Sexual Health news - Chlamydia

NIH gives professor grant to find new methods preventing chlamydia

In the U.S., chlamydia is the most common sexually transmitted disease (STD) diagnosed by healthcare professionals, according to the Centers for Disease Control and Prevention. In 2010 alone, more than 1 million cases were reported to the agency. The problem with chlamydia is that some people do not experience symptoms, possibly making them believe they are STD free and then running the risk of passing it on to a sexual partner. In response to this issue, an associate professor at the Indiana University of Public Health is exploring a new approach to reduce chlamydia rates. She recently received more than $400,000 from the National Institutes of Health (NIH) to develop it and put it into action.

Barbara Van Der Pol believes that the key to preventing new cases of chlamydia is through making it easier for men to get tested. This is especially important since chlamydia can pose risks of infertility, infection and pelvic inflammatory disease in women.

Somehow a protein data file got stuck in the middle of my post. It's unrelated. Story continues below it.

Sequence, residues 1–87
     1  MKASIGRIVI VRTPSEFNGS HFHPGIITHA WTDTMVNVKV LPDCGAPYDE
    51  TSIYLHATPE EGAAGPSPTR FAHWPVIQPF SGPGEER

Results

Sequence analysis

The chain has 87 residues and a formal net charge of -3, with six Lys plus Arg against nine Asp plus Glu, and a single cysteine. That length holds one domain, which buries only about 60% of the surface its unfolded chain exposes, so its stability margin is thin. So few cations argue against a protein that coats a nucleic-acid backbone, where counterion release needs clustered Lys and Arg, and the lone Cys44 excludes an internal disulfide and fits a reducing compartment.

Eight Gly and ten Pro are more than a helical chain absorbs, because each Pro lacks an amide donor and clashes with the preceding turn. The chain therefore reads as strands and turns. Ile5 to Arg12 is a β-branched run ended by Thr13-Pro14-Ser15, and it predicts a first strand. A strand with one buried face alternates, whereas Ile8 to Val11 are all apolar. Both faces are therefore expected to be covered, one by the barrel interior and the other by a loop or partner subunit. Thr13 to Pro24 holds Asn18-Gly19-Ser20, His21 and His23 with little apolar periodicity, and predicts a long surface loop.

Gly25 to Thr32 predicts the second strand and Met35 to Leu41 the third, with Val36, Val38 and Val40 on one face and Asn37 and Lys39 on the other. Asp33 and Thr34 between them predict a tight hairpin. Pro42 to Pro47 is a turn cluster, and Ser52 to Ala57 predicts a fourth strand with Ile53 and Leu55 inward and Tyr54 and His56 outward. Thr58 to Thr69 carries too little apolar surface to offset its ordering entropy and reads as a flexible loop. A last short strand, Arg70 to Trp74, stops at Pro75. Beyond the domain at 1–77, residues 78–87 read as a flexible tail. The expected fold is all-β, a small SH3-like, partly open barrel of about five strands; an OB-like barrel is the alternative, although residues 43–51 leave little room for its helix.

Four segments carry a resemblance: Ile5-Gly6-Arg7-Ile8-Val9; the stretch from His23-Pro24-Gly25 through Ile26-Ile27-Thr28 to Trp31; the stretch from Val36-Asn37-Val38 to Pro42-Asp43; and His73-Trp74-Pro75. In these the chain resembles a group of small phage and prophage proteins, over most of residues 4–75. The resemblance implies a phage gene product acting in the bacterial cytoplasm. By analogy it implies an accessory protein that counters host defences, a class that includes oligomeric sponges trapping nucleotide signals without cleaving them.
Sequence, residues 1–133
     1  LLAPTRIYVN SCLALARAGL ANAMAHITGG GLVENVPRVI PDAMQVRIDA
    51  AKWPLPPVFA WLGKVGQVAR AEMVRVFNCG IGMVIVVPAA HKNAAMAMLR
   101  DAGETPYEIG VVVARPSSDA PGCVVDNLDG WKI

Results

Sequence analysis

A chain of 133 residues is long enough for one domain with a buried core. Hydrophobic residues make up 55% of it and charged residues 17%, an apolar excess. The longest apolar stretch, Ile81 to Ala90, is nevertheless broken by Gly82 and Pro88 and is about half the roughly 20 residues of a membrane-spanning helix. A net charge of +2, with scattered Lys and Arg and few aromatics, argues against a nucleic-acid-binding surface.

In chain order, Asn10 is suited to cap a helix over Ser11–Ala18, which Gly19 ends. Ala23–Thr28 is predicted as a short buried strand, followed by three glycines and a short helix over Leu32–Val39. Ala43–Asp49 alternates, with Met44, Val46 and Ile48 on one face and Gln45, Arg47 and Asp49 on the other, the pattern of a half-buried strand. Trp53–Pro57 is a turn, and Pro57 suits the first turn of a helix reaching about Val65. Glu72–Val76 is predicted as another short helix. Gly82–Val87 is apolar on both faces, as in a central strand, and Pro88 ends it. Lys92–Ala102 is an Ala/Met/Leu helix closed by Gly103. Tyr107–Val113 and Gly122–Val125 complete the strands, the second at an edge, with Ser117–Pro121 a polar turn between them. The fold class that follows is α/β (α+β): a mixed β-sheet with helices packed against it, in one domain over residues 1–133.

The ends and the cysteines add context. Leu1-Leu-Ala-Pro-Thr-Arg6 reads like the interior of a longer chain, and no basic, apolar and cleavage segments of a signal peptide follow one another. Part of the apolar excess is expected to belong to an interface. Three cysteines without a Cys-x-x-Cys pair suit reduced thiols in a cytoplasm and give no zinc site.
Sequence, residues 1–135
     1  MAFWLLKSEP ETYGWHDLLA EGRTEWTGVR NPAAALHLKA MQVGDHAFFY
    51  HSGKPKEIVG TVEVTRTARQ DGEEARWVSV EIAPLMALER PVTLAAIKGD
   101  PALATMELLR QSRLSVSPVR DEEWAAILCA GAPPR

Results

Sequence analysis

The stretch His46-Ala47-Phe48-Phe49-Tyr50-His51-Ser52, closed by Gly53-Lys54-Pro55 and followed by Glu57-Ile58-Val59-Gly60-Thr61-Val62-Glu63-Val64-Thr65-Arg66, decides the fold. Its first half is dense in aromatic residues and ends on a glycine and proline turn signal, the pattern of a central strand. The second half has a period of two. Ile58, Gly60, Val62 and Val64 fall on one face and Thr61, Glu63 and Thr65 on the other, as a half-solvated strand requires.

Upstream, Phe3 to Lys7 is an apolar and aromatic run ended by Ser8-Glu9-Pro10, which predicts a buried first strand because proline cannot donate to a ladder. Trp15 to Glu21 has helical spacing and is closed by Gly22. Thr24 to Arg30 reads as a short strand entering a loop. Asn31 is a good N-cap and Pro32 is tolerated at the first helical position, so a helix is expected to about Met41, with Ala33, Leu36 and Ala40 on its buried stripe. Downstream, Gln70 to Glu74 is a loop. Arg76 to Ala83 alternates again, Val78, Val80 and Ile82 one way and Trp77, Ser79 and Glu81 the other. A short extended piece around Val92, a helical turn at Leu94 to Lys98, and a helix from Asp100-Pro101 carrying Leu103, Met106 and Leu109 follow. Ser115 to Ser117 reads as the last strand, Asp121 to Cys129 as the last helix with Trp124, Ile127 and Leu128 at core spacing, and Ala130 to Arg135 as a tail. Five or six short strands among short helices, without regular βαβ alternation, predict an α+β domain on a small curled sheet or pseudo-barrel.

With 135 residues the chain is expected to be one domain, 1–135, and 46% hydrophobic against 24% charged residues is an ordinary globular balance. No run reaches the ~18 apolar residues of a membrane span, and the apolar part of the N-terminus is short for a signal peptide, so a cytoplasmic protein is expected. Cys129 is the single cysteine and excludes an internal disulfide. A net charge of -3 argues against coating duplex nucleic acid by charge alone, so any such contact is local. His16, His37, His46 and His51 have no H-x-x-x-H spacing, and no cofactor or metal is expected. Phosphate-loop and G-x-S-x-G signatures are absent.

"This is something I've been wanting to do for a long time," said Van Der Pol. "It's really, really clear that the men are the missing link."

Her and her colleagues explain that there are barriers associated with males getting screened for STDs at health clinics. To get past this, they're proposing bringing testing services to these individuals. To figure out where in the community would be most convenient and accessible, they are distributing a survey to 250 men inquiring about participants' preferences when it comes to location and how to obtain results. 

Ultimately, Van Der Pol strives to help the country make more progress in reducing the rate of chlamydia, as it has in the past three decades. 
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